Tag Archives: T+A

Asheville, Walnut Cove, Biltmore Forrest and Western North Carolina’s Audio and Home Theater specialists present Cane Creek AV and Paul McGowan – PS Audio, Intl.

Paul is prepping us for the new PS Audio BHK 600 amplifiers and looks like as ultimate an amp as they can build. Unfortunately, they are only direct now, so, as a high end audio dealer, I won’t be able to partake.

Besides, after talking my T+A PA3100 integrated amp out of my Furman IT Ref 20i power conditioner, I don’t really want anything else, as sonically, these are fantastic sounding amp. At least plugged directly into the wall.

However, with no surge protection this way, I will be installing a SurgeX SA20 surge protection unit, which also has EMI/FRI filtering. I hope not too much of the latter, as I now know that this can kill the amps sound, as the Furman did.

The $35 resistor

I am well aware people in our HiFi Family think were nuts. And, that’s ok. Better nuts than boring.

When people ask me if parts of identical value but different construction sound unlike one another I kind of scratch my head. In my world, parts in the signal path all sound different. It’s like asking me if chocolate and vanilla taste different.

The answer seems so obvious.

But then I climb out of my cloud and plop back down into some form of reality that isn’t mine but close enough to the others in order to communicate.

When building products that people can afford it becomes a challenge to know where to spend what funds you have available. I can assure you $10 Audio Note resistors or $50 Rel Caps in every position on a circuit would place audio equipment out of reach for all but a few.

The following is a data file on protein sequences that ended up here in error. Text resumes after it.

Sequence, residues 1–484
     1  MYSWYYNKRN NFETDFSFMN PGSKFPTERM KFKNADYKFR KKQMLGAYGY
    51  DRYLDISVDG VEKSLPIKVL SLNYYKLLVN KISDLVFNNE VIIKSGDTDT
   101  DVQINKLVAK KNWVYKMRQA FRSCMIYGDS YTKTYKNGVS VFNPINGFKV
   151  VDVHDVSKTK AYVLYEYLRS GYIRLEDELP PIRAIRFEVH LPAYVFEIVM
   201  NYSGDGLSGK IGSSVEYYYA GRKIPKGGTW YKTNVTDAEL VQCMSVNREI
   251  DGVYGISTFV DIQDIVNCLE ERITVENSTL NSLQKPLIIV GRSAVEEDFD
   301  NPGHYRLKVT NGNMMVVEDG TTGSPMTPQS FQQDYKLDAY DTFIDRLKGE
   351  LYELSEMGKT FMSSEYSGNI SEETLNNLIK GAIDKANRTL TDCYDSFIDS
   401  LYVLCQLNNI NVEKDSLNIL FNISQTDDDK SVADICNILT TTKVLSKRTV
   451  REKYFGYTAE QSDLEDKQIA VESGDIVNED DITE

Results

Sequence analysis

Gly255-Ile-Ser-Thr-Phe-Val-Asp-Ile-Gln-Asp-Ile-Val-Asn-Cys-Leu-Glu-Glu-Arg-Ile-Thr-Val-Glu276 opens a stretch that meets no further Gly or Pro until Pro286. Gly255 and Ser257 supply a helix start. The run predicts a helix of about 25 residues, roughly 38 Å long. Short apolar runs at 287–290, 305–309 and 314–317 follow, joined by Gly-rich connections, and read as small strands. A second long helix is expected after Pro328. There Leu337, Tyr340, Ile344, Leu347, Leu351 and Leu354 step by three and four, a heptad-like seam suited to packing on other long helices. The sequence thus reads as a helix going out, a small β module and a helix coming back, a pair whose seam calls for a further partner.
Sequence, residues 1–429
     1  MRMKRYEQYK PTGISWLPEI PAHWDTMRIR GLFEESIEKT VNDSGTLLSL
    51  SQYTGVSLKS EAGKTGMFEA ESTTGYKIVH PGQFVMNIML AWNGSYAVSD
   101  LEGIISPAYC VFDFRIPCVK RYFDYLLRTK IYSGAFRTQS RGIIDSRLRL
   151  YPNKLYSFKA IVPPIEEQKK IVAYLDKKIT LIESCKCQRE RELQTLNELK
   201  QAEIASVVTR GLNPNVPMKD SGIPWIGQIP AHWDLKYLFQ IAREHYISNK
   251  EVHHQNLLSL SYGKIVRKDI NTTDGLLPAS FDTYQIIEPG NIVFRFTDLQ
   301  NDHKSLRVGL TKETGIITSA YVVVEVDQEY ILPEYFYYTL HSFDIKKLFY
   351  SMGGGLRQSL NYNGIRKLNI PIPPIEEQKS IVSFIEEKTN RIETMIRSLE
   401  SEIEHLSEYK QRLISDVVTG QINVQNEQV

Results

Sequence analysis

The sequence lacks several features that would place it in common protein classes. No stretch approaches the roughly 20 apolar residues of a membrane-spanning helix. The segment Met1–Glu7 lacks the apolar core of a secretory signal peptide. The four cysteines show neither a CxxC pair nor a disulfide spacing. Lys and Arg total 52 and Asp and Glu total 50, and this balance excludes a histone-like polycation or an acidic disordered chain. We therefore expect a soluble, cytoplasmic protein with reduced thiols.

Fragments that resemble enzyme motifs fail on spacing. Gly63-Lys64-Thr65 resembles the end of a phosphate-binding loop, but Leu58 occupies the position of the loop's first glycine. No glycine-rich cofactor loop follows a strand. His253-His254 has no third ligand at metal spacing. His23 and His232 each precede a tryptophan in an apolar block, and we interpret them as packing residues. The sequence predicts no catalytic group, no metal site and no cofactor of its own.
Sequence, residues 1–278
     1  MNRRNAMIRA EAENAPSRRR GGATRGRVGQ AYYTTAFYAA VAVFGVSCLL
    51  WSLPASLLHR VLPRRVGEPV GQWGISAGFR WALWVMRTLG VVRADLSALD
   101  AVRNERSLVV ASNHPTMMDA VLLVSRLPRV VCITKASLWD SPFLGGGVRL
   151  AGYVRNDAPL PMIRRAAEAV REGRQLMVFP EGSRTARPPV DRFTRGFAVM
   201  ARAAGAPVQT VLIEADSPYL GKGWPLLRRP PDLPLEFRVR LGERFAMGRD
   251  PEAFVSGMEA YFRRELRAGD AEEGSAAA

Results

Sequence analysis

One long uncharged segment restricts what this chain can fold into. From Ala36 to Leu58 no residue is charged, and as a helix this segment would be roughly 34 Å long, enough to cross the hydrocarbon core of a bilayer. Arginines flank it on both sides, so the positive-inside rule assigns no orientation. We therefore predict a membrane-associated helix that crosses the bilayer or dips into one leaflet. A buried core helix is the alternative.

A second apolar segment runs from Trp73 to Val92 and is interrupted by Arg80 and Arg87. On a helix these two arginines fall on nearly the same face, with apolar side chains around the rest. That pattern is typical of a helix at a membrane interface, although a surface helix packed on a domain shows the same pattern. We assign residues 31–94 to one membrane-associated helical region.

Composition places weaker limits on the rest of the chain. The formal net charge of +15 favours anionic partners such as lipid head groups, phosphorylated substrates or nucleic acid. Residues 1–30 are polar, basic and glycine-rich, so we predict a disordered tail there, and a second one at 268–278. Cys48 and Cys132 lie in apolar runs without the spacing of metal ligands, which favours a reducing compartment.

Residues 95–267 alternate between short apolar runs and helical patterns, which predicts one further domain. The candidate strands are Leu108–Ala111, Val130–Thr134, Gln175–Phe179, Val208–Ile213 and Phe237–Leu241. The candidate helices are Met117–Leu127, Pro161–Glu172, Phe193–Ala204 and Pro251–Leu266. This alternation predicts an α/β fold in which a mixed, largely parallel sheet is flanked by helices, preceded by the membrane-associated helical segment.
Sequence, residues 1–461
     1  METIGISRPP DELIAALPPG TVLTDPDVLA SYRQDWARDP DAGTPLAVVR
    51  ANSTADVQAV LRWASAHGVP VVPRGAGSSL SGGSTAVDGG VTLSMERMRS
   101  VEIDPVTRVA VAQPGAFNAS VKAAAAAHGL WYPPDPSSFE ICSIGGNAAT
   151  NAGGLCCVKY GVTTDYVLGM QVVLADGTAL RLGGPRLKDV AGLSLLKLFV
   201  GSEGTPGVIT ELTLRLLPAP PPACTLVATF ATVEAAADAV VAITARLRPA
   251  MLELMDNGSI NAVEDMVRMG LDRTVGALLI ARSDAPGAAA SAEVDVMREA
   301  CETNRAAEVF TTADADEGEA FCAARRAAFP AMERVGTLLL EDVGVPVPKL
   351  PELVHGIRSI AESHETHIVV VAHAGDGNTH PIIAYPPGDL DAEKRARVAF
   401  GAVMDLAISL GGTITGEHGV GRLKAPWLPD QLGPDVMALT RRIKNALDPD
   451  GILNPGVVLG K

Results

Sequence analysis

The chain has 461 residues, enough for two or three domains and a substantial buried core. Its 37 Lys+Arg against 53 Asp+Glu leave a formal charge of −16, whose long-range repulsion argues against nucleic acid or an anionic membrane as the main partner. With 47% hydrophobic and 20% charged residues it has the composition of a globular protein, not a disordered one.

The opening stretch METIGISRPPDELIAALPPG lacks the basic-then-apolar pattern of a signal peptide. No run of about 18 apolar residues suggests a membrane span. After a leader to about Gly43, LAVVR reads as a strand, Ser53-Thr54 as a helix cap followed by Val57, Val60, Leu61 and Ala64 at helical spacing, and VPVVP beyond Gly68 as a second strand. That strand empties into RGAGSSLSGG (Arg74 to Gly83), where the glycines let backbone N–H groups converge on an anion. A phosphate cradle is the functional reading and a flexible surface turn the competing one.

The challenge then comes down to selectivity. Where to best place your parts funds to get the performance you’re hoping for.

I remember well the tough choice I had to make when designing the Genesis Stealth integrated amplifier. The volume control in the Stealth was the heart of the device: my last all-out assault on fixing the volume control before I finally gave up and eliminated the volume control altogether through the invention of the Gain Cell.

The Stealth volume control was simple. A series resistor with variable shunt resistors. Instead of trying to use what everyone else was struggling with: a high-quality potentiometer or fancy stepped attenuator, my simple circuit depended 100% on the quality of a single resistor.

After much trial and error, I landed on a 1-watt 0.1% tolerance Vishay that in quantities of 500 pieces ran us $35 each. Ouch. That’s a lot when even a great 1% metal film costs about a dime.

The point of the story is simple. The only reason we cut into our own margins by $70 for the stereo pair was because it sounded better. A lot better.

Hopefully, this story will resonate with some and confirm with others what they always suspected. That we’re nuts.

Certainly not boring.

Asheville, Walnut Cove, Biltmore Forrest and Western North Carolina’s Audio and Home Theater specialists present Cane Creek AV and Paul McGowan – PS Audio, Intl.

Today, some original content from me as my 21 year old so, Michael, has put his toes into the Audiophile realm, for the first time.